Loaf & Book : The Feng Shui of Things

The loaf, on the table, is upside down. Do you turn it up? Yes you do.

The book, on the shelf, is upside down. Do you turn it up? Yes too.

Why?

OK, it’s meant to be on the correct side. And it’s ugly to watch. Or you “feel” the bread and the book despair, you want to save them from uncomfortability.

Feng shui is about “harmonizing everyone with the surrounding environment”. It’s interesting to explore, though I mainly relate to my instinct “does this look right or not?” instead of << rules >>.

Most of the time, the rules of Feng shui corroborate my instinct. For example : when you lie in your bed, ready to sleep, you HAVE to be able to see the door, right? You could say it’s only logical but you know it’s not only logical. You feel it. Like the poor bread loaf, gasping for help like a dying tortoise it is.

  • En aparté, from aside, I would like to tell you something :
  • In French we do not have a word for a loaf (well, there’s a word, une miche (pronounce mish), but we don’t use it), we say “un pain” (a bread).
  • For a slice of bread, we have “une tartine” (say tarteen), but we often say “du pain”.
  • So, well, we miss a loaf word, but you miss a tartine word too. Pffff…
  • Instead of “spreading something of a slice of bread”, we say the verb : tartiner.

Harmony, balance, l’équilibre. It’s probably an old instinct we have, right? Or is it an Interesting Braid between instinct and logic?

Tool : Bwaaah you got it, right? Where will you apply that? Things and places, but also? What could be a Feng shui of poetry? Of photography?

Thanks for reading!

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Instagram : loudesvilles_

 

 

Riding the Tiger’s Back… and fall

This comes from a Chinese idiom : “Riding on the back of a tiger and finding it hard to get off” : someone is stuck in a difficult position and has no way out.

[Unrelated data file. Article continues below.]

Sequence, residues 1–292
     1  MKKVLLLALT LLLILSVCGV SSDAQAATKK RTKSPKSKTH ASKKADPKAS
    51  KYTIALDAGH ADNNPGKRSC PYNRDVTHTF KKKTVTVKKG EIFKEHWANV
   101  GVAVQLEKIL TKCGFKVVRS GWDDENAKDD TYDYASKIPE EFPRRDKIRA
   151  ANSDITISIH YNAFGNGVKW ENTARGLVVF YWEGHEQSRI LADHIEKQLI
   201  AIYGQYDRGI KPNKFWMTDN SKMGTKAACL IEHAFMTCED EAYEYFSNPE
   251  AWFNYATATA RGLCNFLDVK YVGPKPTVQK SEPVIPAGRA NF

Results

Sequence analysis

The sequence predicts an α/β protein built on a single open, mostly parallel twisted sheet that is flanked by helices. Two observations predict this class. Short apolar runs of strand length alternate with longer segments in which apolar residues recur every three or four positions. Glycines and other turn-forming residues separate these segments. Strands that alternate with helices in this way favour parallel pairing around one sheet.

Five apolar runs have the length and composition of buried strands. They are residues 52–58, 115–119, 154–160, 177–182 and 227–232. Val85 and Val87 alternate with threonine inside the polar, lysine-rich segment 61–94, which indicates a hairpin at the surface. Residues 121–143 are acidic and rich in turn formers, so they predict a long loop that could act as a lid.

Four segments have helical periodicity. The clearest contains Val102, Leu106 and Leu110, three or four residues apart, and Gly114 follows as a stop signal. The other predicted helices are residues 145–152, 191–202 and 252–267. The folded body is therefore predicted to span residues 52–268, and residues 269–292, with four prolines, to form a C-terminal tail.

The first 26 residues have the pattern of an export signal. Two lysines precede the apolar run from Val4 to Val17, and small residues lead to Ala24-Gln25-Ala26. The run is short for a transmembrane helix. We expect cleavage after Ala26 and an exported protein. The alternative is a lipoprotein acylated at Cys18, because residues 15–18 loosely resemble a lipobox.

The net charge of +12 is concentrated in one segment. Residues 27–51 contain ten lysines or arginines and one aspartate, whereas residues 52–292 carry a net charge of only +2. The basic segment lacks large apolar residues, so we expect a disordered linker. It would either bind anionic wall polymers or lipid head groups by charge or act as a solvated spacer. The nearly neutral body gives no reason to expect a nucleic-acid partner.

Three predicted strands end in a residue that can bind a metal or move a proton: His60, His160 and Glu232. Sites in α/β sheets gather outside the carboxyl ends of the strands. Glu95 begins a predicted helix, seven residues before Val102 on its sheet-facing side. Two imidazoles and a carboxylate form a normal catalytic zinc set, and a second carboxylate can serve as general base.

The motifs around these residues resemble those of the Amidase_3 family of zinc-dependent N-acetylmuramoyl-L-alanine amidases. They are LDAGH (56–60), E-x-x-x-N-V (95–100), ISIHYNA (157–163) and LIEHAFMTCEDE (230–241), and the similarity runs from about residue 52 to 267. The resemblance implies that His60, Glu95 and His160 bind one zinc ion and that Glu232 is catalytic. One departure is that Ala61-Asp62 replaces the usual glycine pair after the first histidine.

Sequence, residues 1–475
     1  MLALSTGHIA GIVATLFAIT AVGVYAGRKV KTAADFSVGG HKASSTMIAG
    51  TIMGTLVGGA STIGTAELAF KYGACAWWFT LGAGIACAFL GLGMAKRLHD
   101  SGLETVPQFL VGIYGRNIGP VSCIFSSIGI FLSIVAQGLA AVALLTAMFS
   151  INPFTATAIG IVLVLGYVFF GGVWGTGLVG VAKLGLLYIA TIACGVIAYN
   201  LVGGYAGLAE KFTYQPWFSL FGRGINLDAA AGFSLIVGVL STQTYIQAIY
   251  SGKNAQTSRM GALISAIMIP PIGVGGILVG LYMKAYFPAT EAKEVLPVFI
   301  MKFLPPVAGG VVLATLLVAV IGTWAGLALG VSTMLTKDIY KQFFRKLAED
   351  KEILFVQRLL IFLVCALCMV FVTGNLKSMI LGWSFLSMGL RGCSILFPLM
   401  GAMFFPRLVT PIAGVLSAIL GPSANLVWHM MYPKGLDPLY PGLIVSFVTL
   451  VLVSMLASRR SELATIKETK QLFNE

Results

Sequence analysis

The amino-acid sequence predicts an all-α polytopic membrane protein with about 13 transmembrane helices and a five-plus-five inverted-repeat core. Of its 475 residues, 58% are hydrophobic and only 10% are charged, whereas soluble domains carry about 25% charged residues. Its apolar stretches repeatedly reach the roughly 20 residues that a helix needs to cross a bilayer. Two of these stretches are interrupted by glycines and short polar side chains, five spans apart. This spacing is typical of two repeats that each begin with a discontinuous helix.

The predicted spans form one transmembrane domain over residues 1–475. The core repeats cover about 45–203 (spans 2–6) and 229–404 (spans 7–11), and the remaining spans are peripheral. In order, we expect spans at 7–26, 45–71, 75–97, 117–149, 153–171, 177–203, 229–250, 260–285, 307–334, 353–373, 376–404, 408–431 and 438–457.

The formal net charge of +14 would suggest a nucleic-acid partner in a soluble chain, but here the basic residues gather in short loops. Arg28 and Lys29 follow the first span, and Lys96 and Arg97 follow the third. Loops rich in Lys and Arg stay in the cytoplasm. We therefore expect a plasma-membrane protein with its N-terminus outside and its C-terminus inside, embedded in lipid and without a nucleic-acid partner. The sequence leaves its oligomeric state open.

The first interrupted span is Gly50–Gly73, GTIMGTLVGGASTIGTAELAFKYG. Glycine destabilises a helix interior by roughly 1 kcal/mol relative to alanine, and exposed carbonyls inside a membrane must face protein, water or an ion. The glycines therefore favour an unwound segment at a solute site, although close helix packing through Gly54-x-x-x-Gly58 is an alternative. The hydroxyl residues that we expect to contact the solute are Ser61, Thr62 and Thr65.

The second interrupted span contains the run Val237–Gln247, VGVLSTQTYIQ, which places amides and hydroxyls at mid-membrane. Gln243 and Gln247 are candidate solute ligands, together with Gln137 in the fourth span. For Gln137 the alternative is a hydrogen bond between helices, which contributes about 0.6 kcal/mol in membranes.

Once you start riding the tiger you can’t voluntarily get off or you will be eaten ! Let’s find it fascinating for many reasons…

  • It’s a tiger, dangerous and maybe powerful. So you can choose to STAY on the back of the tiger, and try to master it, or tame it (well, you can try…). You’ll fail, though, almost evidently.
  •  You probably chose to ride the tiger : why ? Are you crazy ? In despair ?
  •  There are colors on this picture : sarcasm probably, including auto-sarcasm (“haha, you’re stuck, you idiot”), fear, resignation, fatality !
  • Illusion of power, with the secret inconscient knowledge that it’s a fake power or a dangerous one.
  •  It’s maybe a story of destruction : choosing to climb the back of the tiger creates a situation which will force you to change something.
  •  Jump and be eaten OR Kill the tiger yourself OR “use it” until someone understands…
  •  When someone understands that you’re stuck, he can kill the tiger, or you, or both.
  •  When the tiger’s dead, this person will cuddle you in love and will forgive you for having invented this stupid tiger. “Why did you do that, silly !?”
  • Or not. So there.

This is linked to the concept of the Wrong Way Up – of course : it is often a wrong and dangerous solution to climb on the back of the tiger. But sometimes of course you have no choice (which, from the inside of you, is called nihilism).

If you have examples, write to me : jeanpascal@wanadoo.fr – love ? job ? military ?

Tool/Lever/Dial : Play with dynamite, smart little man, invent a tiger situation and climb on the back of it – you probably have to. Don’t lament you’re dead and eaten, as a consequence. Wrong way up is wrong. The idioms says : there’s no way back. Don’t expect forgiveness.

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